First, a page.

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does pitting in chamber area seriously affect accuracy?

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Joined
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I bought a T/C Hawken 45 cal about a year ago. SN indicates it was made in the '70s. It shoots ok but not consistently accurate enough for our monthly matches, even off a bench rest. I looked at the entire bore with a bore camera. The chamber area and about 6" forward of the chamber have plenty of pitting. Looks like it was not cared for in the past. The bore forward of this pitted area is shiny and very little pitting.
I shoot a 440 LRB with a WonderLube .018 patch over 45g Swiss 3f.

My question is this...does this pitting seriously affect the accuracy at 25-50 yds? Is it feasable to replace the barrel? will it improve the accuracy?

Thanks in advance

Salty
 
I bought a T/C Hawken 45 cal about a year ago. SN indicates it was made in the '70s. It shoots ok but not consistently accurate enough for our monthly matches, even off a bench rest. I looked at the entire bore with a bore camera. The chamber area and about 6" forward of the chamber have plenty of pitting. Looks like it was not cared for in the past. The bore forward of this pitted area is shiny and very little pitting.
I shoot a 440 LRB with a WonderLube .018 patch over 45g Swiss 3f.

My question is this...does this pitting seriously affect the accuracy at 25-50 yds? Is it feasable to replace the barrel? will it improve the accuracy?

Thanks in advance

Salty
I am not expert, but pitting where the ball is moving is not good, and will hinder accuracy. The bottom line (to me) is if it isn't accurate and you can't fix it, get another barrel or rifle.
JMO.
Larry
 
Yes.

Depending on the depth of the pits, this is a good candidate for lead lapping. If you have the tooling and knowledge you can probably fix it. You will end up with a tapered bore. That is a very good thing for accuracy and ease of loading.
 
Yes.

Depending on the depth of the pits, this is a good candidate for lead lapping. If you have the tooling and knowledge you can probably fix it. You will end up with a tapered bore. That is a very good thing for accuracy and ease of loading.
Great idea!
I do not have the tooling or ability to do it myself. Do you know who might?
 
I have a vintage .35 caliber rifle in which the "chamber area" was badly eroded from a load being left in it for over 100 years. My first shots with this gun would give me about 3.5" groups at 25 yards, and patches were shredding. I tried loading with a 1/4" felt wad over the powder, and then the patched ball. Accuracy improved to 1" at 25 yards. With some lapping, and the use of a felt wad you just may squeak the accuracy out of the barrel. Giving it to Bobby Hoyt for a re-bore or re-line would be a good choice also.
 
I bought a T/C Hawken 45 cal about a year ago. SN indicates it was made in the '70s. It shoots ok but not consistently accurate enough for our monthly matches, even off a bench rest. I looked at the entire bore with a bore camera. The chamber area and about 6" forward of the chamber have plenty of pitting. Looks like it was not cared for in the past. The bore forward of this pitted area is shiny and very little pitting.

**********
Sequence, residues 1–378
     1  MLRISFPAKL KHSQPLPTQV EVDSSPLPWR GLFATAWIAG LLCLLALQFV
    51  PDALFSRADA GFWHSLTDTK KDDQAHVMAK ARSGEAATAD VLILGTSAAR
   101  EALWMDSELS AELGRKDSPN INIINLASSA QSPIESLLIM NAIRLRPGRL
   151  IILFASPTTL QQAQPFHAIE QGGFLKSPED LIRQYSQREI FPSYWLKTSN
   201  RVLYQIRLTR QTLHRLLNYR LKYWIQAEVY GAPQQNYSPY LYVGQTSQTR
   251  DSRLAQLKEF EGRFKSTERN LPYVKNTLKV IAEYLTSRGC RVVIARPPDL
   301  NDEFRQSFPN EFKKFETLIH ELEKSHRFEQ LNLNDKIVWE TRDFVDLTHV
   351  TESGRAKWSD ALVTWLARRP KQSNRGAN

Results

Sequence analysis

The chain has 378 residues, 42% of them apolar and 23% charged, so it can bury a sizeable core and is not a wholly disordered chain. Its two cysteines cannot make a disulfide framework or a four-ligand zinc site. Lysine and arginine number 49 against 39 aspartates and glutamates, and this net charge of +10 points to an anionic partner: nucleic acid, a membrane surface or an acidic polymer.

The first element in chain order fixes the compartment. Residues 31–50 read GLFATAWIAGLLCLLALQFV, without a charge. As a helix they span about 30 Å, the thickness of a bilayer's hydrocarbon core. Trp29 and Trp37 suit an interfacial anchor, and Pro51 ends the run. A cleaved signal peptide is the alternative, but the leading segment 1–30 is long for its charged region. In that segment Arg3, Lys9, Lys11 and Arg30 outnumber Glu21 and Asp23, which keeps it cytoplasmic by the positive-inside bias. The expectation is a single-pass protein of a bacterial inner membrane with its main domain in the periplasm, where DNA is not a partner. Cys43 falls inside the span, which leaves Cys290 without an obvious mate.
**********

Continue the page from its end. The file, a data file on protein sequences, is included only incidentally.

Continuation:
I shoot a 440 LRB with a WonderLube .018 patch over 45g Swiss 3f.

My question is this...does this pitting seriously affect the accuracy at 25-50 yds? Is it feasable to replace the barrel? will it improve the accuracy?

Thanks in advance

Salty
I've seen some pretty rough bores produce really nice groups. Red Cline in his book talks about rough bores and getting them shooting for matches.
You might try an over powder patch, or a larger ball. That's the thing about this sport; there are so many variables you can tweak to change performance.
 
If it shreds the patch, there will be problems
Maybe, maybe not. Testing will tell the tale. Shoot it first and don't fix what ain't broke.

I've seen some pretty rough bores produce really nice groups. Red Cline in his book talks about rough bores and getting them shooting for matches.
You might try an over powder patch, or a larger ball. That's the thing about this sport; there are so many variables you can tweak to change performance.
^^This. I have one old CVA with a bad bore. It's so rough I call it a sewer pipe on a stick. Read a patch from this gun? First pick up the shredded lint and try to make a patch. Will it shoot? Well, you tell me...

Check out the pics to see what I'm talking about. A pristine bore is only needed if you're after world records. A dark, pitted bore can shoot better than you can hold it. You won't know until you try.

Initial testing with a "normal" load of 70g. 50yd offhand. No patches recovered. And yes, I think the sights on this gun are garbage as well.
IMG_20210808_122210.jpg


Same gun 25yd offhand with 50g 3f. No patches recovered.
IMG_20191012_130252.jpg


And something completely different. Same sewer pipe, 50yd, custom minie design for gallery style shooting. This was a torture test for the minie, these 6 shots were fired at the end of a ten shot string, all shots fired with no wiping.
Sewerpipegroup.jpg
 
Maybe, maybe not. Testing will tell the tale. Shoot it first and don't fix what ain't broke.


^^This. I have one old CVA with a bad bore. It's so rough I call it a sewer pipe on a stick. Read a patch from this gun? First pick up the shredded lint and try to make a patch. Will it shoot? Well, you tell me...

Check out the pics to see what I'm talking about. A pristine bore is only needed if you're after world records. A dark, pitted bore can shoot better than you can hold it. You won't know until you try.